Attention Talented Employees: As the Economy Improves, Proceed to the Nearest Exit

Nov 2010
Issue 11


Congratulations! You are the Chief People Officer of your organization, and you have survived (or at least are still surviving) the country’s biggest economic downturn since the Great Depression. You have likely had a rough couple of years. First, you were asked by your organization to take a hard look at payroll costs. You have structured furloughs, changed or eliminated employee bonuses, creatively designed reduced work schedules, and most painfully you had to make hard decisions about laying off a portion of your workforce.

That was rough. But wait, there’s more. The organization also needed to reduce overhead. So your own Talent organization came under the microscope. You were asked to justify the expense associated with various programs that were put into place during the growth years of 2002 through 2008. You had to look at whether you should outsource or off-shore some of your HR processes. You cut training because field operations simply has no appetite for taking anyone away from productive work, and of course travel budgets have been slashed. And, if you are like most, you have almost entirely shut down recruiting.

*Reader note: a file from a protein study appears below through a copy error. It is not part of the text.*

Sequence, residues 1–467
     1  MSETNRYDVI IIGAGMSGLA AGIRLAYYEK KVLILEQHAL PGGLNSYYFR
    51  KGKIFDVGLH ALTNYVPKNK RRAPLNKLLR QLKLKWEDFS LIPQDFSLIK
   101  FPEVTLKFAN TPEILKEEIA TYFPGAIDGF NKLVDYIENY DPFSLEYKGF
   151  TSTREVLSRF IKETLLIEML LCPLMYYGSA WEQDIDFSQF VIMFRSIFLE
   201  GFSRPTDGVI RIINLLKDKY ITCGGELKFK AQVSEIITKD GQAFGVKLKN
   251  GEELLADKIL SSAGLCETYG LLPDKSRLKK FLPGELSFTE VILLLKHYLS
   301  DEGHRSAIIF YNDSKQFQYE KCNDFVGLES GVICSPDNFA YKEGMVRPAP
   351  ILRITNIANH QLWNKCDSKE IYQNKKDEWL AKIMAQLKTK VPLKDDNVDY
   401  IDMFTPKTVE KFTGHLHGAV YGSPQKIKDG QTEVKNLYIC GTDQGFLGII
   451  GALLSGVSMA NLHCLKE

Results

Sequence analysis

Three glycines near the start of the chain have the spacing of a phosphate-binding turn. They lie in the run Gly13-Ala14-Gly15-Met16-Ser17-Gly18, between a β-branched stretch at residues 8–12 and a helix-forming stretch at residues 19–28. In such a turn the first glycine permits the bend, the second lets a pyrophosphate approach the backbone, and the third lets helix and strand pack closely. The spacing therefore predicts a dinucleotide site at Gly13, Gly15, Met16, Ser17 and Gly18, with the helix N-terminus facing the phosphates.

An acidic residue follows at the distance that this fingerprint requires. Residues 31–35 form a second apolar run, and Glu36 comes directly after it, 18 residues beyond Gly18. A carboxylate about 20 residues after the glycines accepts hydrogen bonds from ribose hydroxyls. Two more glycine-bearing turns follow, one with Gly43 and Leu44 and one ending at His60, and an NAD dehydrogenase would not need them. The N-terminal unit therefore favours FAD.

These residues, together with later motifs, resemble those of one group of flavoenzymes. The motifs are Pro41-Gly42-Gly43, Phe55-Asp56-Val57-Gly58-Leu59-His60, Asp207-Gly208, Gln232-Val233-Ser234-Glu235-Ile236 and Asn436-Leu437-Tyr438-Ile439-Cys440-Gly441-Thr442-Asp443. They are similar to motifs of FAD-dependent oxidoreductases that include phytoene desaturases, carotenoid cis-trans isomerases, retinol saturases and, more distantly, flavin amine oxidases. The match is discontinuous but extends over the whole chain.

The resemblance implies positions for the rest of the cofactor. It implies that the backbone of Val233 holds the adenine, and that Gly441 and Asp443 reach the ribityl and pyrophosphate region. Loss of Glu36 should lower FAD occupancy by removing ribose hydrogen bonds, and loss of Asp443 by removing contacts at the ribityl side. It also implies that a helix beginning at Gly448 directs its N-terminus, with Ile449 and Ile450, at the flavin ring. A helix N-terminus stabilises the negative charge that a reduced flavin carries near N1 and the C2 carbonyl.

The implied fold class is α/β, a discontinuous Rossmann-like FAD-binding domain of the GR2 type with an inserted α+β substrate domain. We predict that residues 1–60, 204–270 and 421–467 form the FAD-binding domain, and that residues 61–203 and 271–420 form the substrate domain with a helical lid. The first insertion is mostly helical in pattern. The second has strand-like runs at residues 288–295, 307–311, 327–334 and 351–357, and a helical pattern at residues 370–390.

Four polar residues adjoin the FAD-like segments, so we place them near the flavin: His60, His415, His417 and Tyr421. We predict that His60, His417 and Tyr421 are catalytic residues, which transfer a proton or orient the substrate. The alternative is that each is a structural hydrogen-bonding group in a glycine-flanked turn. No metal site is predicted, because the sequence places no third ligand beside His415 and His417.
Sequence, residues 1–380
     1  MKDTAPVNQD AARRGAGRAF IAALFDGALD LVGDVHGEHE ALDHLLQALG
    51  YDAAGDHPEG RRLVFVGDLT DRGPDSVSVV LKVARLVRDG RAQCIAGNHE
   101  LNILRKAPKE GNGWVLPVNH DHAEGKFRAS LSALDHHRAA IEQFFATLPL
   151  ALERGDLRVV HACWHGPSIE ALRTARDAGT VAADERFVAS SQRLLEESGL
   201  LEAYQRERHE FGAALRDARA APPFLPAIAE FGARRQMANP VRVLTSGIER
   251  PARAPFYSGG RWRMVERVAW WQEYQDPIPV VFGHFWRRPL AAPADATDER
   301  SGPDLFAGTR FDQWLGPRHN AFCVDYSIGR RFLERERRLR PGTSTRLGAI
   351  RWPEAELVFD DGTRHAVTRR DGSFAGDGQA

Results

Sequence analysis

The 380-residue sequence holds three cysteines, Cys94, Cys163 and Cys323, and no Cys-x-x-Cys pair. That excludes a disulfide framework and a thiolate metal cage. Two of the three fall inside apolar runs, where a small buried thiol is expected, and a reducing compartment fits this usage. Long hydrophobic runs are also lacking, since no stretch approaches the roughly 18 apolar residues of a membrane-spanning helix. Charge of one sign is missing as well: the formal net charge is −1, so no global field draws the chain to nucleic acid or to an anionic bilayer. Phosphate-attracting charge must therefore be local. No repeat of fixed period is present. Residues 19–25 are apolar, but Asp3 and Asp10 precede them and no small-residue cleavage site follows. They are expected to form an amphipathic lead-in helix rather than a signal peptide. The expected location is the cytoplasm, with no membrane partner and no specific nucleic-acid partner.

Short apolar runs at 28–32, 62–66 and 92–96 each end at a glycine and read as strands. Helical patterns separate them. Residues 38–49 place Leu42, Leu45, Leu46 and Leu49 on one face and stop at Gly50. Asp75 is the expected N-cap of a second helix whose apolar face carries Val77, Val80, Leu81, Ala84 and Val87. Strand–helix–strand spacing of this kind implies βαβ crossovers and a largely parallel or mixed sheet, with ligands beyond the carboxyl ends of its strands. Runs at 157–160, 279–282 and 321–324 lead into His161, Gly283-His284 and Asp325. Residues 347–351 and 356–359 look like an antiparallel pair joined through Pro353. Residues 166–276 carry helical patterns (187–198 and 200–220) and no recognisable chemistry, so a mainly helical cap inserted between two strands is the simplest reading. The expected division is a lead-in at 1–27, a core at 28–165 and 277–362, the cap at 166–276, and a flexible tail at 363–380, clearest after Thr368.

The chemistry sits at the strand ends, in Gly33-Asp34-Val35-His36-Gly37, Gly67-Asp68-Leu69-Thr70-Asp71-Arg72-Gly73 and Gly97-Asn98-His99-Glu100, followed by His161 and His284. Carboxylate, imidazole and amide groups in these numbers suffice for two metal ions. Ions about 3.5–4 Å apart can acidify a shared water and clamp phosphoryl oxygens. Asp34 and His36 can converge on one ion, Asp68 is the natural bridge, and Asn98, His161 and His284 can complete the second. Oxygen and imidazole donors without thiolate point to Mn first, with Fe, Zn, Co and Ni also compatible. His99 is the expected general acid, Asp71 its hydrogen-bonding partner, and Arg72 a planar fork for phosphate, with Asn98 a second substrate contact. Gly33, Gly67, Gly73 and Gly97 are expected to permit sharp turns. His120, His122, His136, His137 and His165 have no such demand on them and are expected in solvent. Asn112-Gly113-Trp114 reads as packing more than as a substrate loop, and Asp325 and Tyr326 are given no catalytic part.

It is a good thing the holidays are coming because you deserve a break and so do your people. But ponder this for a moment. . .

While you and the rest of the Leadership Team were doing what you needed to do to keep the company afloat, something has been going on within the ranks of your talented workforce, and that something may have already put your organization’s future at risk.